Two Santa Monica Police Department officers and a Santa Monica College police captain were named Friday by the White House as recipients of the Public Safety Officer Medal of Valor for placing themselves in “mortal danger” during a 2013 shooting rampage that left six people dead.
A Los Angeles Police Department officer also was named a medal recipient for pulling an unconscious man from a burning vehicle on a freeway, suffering first- and second-degree burns.
All four will be honored at the White House by President Barack Obama on Monday.
The medal honors officers “who have exhibited exceptional courage, regardless of personal safety, in the attempt to save or protect human life.”
SMPD Officers Jason Salas and Robert Sparks, along with SMC Police Department Capt. Raymond Bottenfield, will be recognized for their actions during the June 7, 2013, shooting spree that began just northeast of the college and ended with a rolling gun battle on the campus.
The three officers responded to the campus and confronted the gunman in the campus library, ordered him to drop his weapon, then opened fire when the gunman pointed his assault weapon at them.
The gunman, John Zawahri, 23, was killed. Police said Bottenfield was in plain clothes and was not wearing any body armor when he helped confront the suspect.
Zawahri had killed his father and brother at their home near the college then set the house on fire before making his way to the campus, where he fatally shot three more people.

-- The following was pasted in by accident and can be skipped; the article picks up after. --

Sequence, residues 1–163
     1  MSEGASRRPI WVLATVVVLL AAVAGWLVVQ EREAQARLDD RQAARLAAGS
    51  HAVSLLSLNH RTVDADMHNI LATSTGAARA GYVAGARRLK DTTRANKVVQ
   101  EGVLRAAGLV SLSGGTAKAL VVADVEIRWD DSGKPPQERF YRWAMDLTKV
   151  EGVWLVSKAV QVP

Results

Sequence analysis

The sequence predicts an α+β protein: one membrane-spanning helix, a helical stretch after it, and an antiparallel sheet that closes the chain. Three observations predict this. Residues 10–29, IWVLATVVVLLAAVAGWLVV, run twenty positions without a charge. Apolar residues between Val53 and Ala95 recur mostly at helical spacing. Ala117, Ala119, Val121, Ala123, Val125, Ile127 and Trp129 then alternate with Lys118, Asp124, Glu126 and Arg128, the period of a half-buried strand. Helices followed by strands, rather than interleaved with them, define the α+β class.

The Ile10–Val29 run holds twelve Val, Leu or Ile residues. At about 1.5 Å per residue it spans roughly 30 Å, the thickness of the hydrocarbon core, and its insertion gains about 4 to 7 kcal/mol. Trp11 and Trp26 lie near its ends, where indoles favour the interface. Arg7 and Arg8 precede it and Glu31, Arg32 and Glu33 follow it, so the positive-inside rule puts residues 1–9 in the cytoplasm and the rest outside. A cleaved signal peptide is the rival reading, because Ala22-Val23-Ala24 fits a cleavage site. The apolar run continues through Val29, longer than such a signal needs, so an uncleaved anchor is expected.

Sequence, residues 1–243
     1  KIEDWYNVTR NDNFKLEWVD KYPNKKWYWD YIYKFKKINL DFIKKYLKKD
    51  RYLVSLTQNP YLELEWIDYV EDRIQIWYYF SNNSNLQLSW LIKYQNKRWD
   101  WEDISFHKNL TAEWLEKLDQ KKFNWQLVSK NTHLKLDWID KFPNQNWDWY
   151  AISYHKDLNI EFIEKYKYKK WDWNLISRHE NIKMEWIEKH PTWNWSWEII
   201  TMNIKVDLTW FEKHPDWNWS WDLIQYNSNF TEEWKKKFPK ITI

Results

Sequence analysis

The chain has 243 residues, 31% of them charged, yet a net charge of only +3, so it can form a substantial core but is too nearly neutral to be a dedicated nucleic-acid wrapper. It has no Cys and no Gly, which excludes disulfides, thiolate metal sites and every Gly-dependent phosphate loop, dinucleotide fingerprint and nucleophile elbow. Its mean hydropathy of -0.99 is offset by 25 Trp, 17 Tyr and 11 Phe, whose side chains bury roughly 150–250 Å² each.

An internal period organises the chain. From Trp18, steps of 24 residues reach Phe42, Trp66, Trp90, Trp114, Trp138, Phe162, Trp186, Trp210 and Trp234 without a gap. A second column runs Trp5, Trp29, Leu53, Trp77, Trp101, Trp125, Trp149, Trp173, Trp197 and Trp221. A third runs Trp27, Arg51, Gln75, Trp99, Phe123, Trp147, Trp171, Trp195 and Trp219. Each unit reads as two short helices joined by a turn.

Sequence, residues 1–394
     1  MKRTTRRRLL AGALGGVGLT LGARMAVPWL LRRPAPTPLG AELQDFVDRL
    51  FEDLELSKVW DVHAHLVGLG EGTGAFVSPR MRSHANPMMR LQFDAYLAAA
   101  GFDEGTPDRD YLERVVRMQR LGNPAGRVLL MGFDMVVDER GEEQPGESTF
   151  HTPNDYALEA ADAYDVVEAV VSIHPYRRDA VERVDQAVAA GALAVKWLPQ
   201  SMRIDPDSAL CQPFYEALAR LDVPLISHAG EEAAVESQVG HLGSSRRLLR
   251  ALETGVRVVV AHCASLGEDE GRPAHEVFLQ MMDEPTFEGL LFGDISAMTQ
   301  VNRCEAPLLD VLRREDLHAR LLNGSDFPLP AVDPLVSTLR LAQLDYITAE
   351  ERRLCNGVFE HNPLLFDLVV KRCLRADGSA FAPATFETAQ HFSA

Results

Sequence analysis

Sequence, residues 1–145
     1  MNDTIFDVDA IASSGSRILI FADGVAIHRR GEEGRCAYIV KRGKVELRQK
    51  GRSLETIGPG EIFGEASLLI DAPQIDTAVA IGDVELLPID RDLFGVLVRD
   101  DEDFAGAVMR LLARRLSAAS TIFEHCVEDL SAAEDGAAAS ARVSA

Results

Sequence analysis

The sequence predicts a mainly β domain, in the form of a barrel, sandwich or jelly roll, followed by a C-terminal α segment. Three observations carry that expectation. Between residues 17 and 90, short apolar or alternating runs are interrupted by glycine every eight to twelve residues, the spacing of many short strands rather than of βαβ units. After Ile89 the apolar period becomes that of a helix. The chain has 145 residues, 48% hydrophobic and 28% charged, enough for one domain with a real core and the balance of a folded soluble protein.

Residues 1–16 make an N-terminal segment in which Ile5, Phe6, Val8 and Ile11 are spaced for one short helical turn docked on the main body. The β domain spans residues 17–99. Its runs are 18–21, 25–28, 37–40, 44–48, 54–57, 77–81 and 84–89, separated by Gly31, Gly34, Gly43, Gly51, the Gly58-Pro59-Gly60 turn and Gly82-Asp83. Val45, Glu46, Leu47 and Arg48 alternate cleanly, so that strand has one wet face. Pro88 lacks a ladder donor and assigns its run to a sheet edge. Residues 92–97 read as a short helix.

The officers will be honored “for courage and composure in ending a deadly rampage.”
“Officer Salas, Officer Sparks and Captain Bottenfield placed themselves in mortal danger to save the lives of students and staff during a school shooting on the busy campus of Santa Monica College,” according to the White House.
Meanwhile, LAPD Officer Donald Thompson will be honored for “courageous action to save an accident victim.”
About 2 p.m. Dec. 25, 2013, Thompon was on his way to work when he saw a vehicle crash into a center divider on the San Diego (405) Freeway and begin to catch fire, according to police. He stopped his truck and ran to the vehicle, forced the door open and crawled through growing flames and smoke to disengage the unconscious driver’s seat belt. He then pulled the man from the vehicle and carried him to safety.
“Officer Thompson traversed two freeway dividers and endured first- and second-degree burns while pulling an unconscious man to safety from a car moments before it became engulfed in flames,” according to the White House.
— City News Service
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